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UPDATED: September 9, 2014 NO. 37 SEPTEMBER 11, 2014
A New Chapter for Democracy
The first ever round of universal suffrage for Hong Kong's chief executive will be held in 2017
By Li Li

EASTERN PEARL: A panoramic view of Hong Kong's Kowloon Peninsula and Hong Kong Island in May (CFP)

Hong Kong's democracy is about to make another leap forward after the National People's Congress (NPC) Standing Committee decided to grant universal suffrage in the selection of Hong Kong's chief executive on the basis of nomination by a "broadly representative" committee.

The decision on how the chief executive of the Hong Kong Special Administrative Region (HKSAR) will be selected was passed unanimously at the bi-monthly session of the standing committee of China's top legislature on August 31.

The decision allows two or three candidates to run for the HKSAR's top job after obtaining support from at least half of a nominating committee that "shall be chosen in accordance with the number of members, composition and formation method of the election committee for the fourth chief executive."

According to the NPC decision, all eligible voters in the region will be able to have their say in who the chief executive for the HKSAR will be, while the existing system and voting procedures for the Legislative Council will remain unchanged. Under Hong Kong's Basic Law, it is stipulated that "all permanent residents of the HKSAR shall have the right to vote and the right to stand for election in accordance with law."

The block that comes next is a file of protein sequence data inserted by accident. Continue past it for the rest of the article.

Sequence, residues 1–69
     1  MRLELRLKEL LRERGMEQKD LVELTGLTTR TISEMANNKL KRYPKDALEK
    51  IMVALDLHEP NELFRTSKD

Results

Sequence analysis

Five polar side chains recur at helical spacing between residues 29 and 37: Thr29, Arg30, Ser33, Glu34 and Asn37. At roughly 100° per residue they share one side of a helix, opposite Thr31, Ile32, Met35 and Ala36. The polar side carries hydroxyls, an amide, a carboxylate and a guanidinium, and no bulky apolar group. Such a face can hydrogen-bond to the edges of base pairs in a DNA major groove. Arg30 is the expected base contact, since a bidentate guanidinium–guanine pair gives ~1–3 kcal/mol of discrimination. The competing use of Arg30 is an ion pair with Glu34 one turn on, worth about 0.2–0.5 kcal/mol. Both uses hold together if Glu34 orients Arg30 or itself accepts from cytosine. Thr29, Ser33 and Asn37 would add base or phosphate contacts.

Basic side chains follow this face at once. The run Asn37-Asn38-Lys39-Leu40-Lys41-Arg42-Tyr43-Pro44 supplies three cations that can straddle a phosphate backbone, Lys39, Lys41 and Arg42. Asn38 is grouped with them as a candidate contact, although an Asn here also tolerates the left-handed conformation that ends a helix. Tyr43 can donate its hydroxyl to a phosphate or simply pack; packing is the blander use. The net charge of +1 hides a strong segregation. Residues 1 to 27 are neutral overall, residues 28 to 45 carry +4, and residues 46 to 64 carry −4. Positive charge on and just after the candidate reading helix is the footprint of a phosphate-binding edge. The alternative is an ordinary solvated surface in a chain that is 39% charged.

Li Fei, Vice Secretary General of the NPC Standing Committee, said during a press conference on August 31 afternoon that the size of the nominating committee was set at 1,200.

The chief executive-elect, after being selected through voting by the populace, will still need to be appointed by the Central Government, according to the decision, which stressed that the chief executive has to be a person who "loves the country and loves Hong Kong."

Li said this is a basic requirement for the "one country, two systems" policy. The method for selecting the chief executive by universal suffrage must provide corresponding institutional safeguards for this purpose.

Top Chinese legislator Zhang Dejiang also said on August 31 that the new decision was of great importance to implementing the principles of "one country, two systems" and ensuring that the region maintains a high degree of autonomy while following the Hong Kong Basic Law.

"The decision is vital for steadily developing democracy in Hong Kong and implementing the selection of the HKSAR chief executive by universal suffrage according to law," he said.

Britain made no mention of democracy for Hong Kong until the dying days of nearly 150 years of colonial rule. Before Hong Kong was returned to China on July 1, 1997, the Governors of Hong Kong were all appointed by the British Crown, without recourse to any pretense of democracy.

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